Yesterday I had the pleasure, the gift, of attending Hélène Cixous’ monthly seminar, at the Cité Universitaire. Which is also where I am staying http://www.ciup.fr/. So I didn’t have far to walk through the park.
Her topic this year is “Les irréparables.” I won’t summarize her prospectus, because it’s impossible for me to translate, let alone summarize. Her reading list includes:
Shakespeare Macbeth, King Lear, Dostoïevski Crime et Châtiment, Derrida Circonfession, Pardonner, Edgar Poe Tales, Thomas Bernhard Le Naufragé, Proust Jean Santeuil, La Recherche du temps perdu, Hélène Cixous Homère est morte.
Yesterday she had added Blanchot, “L’instant de ma mort.” The instant of my death. I could actually understand much of her discussion. She takes her time with words (as she does in writing itself), and ideas, which is good for a French learner. She repeats and stays on a topic, goes down certain pathways, byways, then circles back again. I took many notes. This seminar is 6 hours long, with one coffee break. Today, I was thinking how you would never see this in Canada, a professor speaking for 6 hours. Perhaps it is unique in France too. No audience dialogue, no powerpoints—a person sitting at her desk, deliberately speaking, moving along in thought, narrative, reflecting in text. There were periods of "close reading," a literary practice I am not 'trained' in, but now understand more of after listening to her do it. How to stay with, and on, one page. It is mesmerizing to follow her trails—time gives you the gift of time, of listening, of being inside the movement of literature and thought (hers and your own).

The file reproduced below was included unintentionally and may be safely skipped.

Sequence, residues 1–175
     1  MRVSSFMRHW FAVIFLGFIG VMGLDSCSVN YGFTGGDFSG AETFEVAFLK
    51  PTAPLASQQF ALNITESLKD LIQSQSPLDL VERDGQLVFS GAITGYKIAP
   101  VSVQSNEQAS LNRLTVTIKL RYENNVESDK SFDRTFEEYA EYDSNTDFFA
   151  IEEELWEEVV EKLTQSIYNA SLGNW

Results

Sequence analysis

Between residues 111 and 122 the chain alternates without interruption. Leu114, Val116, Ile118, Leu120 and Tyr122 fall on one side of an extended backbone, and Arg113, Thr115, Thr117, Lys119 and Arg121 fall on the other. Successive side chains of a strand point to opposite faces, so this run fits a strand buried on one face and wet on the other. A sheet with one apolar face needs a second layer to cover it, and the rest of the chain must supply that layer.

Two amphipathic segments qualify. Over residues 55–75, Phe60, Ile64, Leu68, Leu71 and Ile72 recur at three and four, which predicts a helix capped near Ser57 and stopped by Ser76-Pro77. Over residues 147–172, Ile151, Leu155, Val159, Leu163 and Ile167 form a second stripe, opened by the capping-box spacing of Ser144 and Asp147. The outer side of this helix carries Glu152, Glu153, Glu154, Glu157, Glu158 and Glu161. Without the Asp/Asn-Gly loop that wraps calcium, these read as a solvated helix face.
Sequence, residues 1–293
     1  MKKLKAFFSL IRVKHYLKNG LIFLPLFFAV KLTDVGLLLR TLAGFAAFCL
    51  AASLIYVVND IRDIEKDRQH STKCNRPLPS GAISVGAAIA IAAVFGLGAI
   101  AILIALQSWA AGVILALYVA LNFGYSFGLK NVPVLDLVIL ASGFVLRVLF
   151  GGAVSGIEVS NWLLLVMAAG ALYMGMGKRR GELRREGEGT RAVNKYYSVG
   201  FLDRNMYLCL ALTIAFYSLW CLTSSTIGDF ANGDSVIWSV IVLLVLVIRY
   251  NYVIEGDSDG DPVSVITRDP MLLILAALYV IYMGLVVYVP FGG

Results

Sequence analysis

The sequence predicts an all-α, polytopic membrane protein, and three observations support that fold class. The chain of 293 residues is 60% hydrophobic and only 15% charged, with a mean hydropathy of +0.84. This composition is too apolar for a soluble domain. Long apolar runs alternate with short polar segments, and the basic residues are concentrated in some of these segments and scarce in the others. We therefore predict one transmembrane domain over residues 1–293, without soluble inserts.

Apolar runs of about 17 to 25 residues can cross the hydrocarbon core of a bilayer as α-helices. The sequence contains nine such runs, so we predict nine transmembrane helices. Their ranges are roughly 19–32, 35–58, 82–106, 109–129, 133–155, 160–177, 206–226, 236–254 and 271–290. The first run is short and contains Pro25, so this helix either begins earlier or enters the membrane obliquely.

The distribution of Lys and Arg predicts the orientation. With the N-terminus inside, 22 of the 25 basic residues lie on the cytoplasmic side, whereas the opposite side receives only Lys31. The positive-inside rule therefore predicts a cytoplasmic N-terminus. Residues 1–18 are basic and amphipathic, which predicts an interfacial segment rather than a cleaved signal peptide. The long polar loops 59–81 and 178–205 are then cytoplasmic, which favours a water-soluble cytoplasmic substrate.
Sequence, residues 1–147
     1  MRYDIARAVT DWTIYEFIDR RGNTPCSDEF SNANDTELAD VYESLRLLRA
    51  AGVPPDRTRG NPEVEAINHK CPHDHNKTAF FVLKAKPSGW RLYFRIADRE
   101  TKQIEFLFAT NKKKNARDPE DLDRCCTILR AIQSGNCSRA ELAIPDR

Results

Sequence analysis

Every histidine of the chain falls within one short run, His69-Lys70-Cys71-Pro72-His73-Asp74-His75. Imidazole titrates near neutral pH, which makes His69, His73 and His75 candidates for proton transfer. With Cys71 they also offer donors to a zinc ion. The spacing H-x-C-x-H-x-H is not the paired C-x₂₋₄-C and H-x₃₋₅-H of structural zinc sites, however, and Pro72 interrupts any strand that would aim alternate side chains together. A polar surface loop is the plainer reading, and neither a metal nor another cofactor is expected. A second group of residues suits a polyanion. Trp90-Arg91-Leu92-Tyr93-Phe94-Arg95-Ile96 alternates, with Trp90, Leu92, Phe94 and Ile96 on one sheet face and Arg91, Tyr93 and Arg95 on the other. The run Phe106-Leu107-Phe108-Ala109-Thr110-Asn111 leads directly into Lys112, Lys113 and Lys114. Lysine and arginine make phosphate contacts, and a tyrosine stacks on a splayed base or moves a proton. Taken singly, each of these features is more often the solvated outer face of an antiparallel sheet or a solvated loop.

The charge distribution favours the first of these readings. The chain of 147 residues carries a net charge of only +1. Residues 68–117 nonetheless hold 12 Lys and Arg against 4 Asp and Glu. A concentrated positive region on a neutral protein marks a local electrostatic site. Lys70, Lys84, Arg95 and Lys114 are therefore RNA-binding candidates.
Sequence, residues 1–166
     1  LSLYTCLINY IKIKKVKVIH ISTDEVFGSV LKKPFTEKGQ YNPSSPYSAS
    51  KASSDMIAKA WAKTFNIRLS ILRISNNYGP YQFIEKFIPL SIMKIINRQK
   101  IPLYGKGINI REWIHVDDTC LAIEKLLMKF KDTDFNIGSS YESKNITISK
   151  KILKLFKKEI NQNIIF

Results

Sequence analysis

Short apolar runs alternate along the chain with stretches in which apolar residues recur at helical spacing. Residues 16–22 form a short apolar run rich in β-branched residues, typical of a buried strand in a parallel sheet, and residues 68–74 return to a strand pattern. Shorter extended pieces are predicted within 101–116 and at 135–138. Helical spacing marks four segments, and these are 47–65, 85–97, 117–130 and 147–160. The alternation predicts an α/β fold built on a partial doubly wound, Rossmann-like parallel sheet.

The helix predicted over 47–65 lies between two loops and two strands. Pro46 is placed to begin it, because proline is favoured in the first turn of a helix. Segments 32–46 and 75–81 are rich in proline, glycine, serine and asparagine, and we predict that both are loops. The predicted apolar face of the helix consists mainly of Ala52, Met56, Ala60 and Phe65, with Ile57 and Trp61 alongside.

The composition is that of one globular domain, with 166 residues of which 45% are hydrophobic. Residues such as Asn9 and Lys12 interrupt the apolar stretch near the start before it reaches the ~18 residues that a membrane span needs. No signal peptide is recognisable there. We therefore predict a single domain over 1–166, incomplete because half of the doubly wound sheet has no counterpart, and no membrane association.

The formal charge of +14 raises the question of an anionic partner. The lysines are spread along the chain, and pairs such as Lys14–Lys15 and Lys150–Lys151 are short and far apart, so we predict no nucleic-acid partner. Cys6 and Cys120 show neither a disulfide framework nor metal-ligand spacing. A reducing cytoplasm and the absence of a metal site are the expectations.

This is a blog, not a paper. I won’t try to make sense, but interestingly, she started with the question of “arriving”—and the instant of death. Once occurring (our own), we can never tell of the instance of this instant. In Blanchot: le mort n’arrive pas - un presence suspendu. Death did not "arrive," it was a suspended presence, with duration (he was not killed by the firing squad). We moved through the biblical Abraham and Isaac (the almost instant of the father killing the son). Derrida on paradox as the moment/instant of—un temporalité intemporel. Questions of violence and non-violence, as in le rêve de Martin Luther King. And there is the problem of l’esprit de l’exclusion that continues to exist in society. And more, much more. Joan of Arc appeared, in her insistence on listening to God (my 'vision' of yesterday in Notre Dame) as Kafka, Kierkegaard, hovered closely in our ears.